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We’ve been with Direct for about 12 years now. I am not a “power” subscriber by any means. I own one (since day one) SD receiver and have a Direct-owned SD DVR. I’m under an obsolete channel lineup. For our use, about the only channels that are viewed in our home are the local networks, home improvement channels (230 – 231) and the kid channels 300, 301, etc. Everything else is either not available or of no value. We pay about $46/month.

I don’t have any premium/movie channels or sports packages, which diminishes Direct’s advantage. I’m looking to add as much HD channels as possible but not exceed ~ $50/month. Since Direct does not regard me as a new customer, making these service and equipment upgrades would blow my budget. Since an upgrade to HD would involve new equipment, I’m considering changing to Dish. Given what I am looking for (the most HD channels for my price range, no premium/movie channels or sports packages, two receivers w/ one HD DVR), it looks like Dish would be the prudent choice at least for the first year.

Two questions:

I’ve read elsewhere that many subscribers simply swap between Direct and Dish at the end of their respective, two year contracts. When they do this, does each provider (Direct and Dish) wipe the slate clean and regard them as a new subscriber again or is it a once in a lifetime offer?

Any chance of getting new subscriber rates from Direct? For our needs, both Direct and Dish offerings are quite similar. Quality and service are debatable among users so for me, it boils down to price which means Dish, unless Direct can offer something along the lines of what a new subscriber would receive.

Thoughts?

Thanks.
 

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While you could get something from D* to upgrade to HD, it probably wouldn't be quite as good as the new customer deals. Of course, you never know with D*, some get great deals to do the upgrade, others not so much. What I think is working against you with D* is that your subscription level is very low, which means they won't get much return from you. A call to retention would be the way to find out and then you can decide which is the best way for you.

As to switching, yes, in general a switch every two years gives you the most bang for your buck, but you have to put up with the changes in how the equipment operates, the menuing, the differences in channel numbers. None of them daunting tasks, but different for sure.

Without some pretty good discounts, it will be hard to stay below $50/month with HD with either provider and have a decent channel selection, imo.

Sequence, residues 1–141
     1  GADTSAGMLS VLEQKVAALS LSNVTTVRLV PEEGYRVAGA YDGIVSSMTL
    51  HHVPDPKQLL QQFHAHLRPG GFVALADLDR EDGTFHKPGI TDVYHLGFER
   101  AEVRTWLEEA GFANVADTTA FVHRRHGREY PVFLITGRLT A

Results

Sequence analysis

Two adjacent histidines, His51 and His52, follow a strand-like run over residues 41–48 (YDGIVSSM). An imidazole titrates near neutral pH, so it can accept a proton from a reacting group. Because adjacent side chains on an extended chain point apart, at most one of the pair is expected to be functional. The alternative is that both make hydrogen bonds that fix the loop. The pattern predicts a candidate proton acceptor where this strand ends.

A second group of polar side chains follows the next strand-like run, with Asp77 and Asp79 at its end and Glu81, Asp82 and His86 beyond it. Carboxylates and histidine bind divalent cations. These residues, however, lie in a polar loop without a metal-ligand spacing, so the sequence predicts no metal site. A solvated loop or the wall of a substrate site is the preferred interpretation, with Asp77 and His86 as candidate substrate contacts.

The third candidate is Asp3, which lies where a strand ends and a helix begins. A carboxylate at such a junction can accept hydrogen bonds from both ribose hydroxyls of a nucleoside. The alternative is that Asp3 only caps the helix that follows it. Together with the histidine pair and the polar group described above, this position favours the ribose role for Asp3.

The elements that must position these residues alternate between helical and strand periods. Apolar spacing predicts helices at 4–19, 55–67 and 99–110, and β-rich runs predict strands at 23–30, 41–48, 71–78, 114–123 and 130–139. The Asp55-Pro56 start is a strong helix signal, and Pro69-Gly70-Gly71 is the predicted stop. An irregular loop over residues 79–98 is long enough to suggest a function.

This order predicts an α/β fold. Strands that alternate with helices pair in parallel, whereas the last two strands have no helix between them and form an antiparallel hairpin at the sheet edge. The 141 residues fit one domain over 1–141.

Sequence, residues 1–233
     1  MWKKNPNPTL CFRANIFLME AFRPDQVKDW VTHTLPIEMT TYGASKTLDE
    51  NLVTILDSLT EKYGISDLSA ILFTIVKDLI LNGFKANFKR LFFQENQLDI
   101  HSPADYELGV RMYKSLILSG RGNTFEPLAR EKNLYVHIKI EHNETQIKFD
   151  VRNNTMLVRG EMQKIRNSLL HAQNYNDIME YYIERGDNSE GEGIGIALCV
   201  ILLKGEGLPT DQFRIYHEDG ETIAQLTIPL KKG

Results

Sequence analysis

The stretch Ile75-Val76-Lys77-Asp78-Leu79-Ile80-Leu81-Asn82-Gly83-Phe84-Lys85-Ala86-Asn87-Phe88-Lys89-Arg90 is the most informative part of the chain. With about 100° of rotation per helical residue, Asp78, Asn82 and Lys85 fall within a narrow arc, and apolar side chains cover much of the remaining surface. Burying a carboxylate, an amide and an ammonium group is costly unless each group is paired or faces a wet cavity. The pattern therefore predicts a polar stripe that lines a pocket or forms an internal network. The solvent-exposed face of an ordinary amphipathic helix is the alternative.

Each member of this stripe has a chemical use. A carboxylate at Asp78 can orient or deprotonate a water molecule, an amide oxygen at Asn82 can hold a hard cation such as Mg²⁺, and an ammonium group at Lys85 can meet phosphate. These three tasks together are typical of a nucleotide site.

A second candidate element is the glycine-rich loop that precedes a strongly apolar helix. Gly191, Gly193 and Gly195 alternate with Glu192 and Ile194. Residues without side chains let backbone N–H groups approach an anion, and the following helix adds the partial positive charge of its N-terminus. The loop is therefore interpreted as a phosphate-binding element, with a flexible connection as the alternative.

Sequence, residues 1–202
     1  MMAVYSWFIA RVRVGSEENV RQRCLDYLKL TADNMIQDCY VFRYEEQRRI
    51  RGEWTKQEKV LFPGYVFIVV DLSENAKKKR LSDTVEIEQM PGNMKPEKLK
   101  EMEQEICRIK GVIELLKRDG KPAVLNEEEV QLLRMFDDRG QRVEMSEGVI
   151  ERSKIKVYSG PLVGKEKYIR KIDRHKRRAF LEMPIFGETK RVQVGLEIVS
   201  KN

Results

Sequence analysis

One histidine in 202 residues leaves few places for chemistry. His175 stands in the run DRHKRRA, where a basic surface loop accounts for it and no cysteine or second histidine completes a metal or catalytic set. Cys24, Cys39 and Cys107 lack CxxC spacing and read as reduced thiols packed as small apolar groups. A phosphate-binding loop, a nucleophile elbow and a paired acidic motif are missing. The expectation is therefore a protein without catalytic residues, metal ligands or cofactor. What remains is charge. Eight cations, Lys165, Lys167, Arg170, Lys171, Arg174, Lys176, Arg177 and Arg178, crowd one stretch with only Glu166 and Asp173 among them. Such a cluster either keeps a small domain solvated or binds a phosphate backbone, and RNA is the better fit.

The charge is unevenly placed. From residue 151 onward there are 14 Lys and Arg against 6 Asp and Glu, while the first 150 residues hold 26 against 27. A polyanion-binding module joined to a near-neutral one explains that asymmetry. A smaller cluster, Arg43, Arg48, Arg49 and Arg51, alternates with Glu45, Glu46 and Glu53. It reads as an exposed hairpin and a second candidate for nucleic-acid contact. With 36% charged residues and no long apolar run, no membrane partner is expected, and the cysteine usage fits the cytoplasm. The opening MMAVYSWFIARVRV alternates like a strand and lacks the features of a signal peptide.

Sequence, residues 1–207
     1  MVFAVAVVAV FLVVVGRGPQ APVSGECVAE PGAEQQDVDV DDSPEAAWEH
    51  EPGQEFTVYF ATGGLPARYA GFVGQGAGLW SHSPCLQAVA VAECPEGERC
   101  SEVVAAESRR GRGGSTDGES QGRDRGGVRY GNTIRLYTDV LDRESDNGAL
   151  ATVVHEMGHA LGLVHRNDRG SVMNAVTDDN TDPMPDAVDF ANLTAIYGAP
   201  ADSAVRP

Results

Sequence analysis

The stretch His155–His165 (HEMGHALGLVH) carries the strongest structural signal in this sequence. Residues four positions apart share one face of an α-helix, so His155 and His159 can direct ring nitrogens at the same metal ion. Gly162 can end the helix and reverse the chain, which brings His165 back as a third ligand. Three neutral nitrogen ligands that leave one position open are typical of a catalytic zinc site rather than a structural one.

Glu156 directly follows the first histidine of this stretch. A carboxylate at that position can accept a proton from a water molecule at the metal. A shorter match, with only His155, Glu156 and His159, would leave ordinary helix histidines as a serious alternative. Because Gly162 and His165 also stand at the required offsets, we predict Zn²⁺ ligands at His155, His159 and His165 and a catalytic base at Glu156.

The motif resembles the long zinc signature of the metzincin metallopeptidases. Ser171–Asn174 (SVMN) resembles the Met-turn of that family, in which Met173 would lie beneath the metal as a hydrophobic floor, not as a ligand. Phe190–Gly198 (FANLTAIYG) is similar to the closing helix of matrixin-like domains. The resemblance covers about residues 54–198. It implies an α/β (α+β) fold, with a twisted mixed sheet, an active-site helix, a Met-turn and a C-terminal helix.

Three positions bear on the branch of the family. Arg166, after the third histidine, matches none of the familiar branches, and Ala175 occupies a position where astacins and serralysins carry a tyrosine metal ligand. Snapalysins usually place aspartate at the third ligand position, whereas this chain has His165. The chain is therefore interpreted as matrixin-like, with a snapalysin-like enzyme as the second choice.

Here's some examples of the cheapest from each.

Dish : Note that for free equipment, you have to be at Top 120 or better.
Top 120 : $44.99 (minus $20/month 1st year)
Hopper+Joey : Free
Lease on Joey : $7/month
DVR+MRV : $10/month

Total @retail : $61.99
Total @1st Year : $41.99

Add $5/month to either if you want locals via sat.

For Direct
Entertainment Pack : $54.99
Lease for 1 add unit : $6.00
Advanced receiver fee : $20 (includes HD, DVR, MRV)

Retail : $80.99

You can probably get some discount on that programming, then add whatever they want to do the hardware. I suspect a minimum of $200 for new hardware, upgrade your dish/lnb and installation would be offered. You might get something better.
 

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Neo Fender said:
I've read elsewhere that many subscribers simply swap between Direct and Dish at the end of their respective, two year contracts. When they do this, does each provider (Direct and Dish) wipe the slate clean and regard them as a new subscriber again or is it a once in a lifetime offer?
They don't exactly call you new customers when you do this, but the deals are usually the same as if you were a new customer.

So you are only a 'new' customer once, after that you are a 'returning' customer and get the same or nearly the same deal a 'new' customer gets.

That said, sometimes D* makes some very sweet deals to 'come back' earlier in the cycle, but it is a crap shoot.
 

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What a friend of mine has done in the past is cancel service, send back all equipment, live without satellite tv for a few days, and then his WIFE (who carries her own last name, not his) would sign up for DirecTV service and get a new 2 year deal with new equipment.